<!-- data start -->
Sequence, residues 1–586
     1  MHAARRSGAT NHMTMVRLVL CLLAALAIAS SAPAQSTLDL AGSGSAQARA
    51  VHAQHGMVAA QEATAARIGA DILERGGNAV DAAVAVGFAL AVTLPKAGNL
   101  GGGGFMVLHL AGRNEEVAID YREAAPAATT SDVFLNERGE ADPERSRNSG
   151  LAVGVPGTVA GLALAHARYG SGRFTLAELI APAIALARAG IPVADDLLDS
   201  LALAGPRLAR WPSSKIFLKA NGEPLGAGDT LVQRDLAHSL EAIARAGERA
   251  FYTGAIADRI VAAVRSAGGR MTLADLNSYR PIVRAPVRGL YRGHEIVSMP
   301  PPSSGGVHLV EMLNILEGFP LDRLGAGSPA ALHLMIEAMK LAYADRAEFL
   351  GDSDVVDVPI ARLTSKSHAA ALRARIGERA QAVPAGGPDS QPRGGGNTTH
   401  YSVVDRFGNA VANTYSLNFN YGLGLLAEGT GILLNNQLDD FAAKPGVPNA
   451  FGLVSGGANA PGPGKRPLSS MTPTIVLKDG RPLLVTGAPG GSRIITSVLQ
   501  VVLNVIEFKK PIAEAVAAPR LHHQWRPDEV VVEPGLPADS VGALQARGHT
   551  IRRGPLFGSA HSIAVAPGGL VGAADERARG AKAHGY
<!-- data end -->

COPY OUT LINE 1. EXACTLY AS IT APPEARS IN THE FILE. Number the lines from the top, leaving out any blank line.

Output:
Sequence, residues 1–586